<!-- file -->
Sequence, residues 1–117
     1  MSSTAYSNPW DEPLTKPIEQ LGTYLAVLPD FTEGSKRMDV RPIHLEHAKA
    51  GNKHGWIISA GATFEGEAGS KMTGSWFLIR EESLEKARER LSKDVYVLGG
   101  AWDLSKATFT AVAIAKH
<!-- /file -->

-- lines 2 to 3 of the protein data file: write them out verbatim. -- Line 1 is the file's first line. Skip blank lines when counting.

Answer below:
     1  MSSTAYSNPW DEPLTKPIEQ LGTYLAVLPD FTEGSKRMDV RPIHLEHAKA
    51  GNKHGWIISA GATFEGEAGS KMTGSWFLIR EESLEKARER LSKDVYVLGG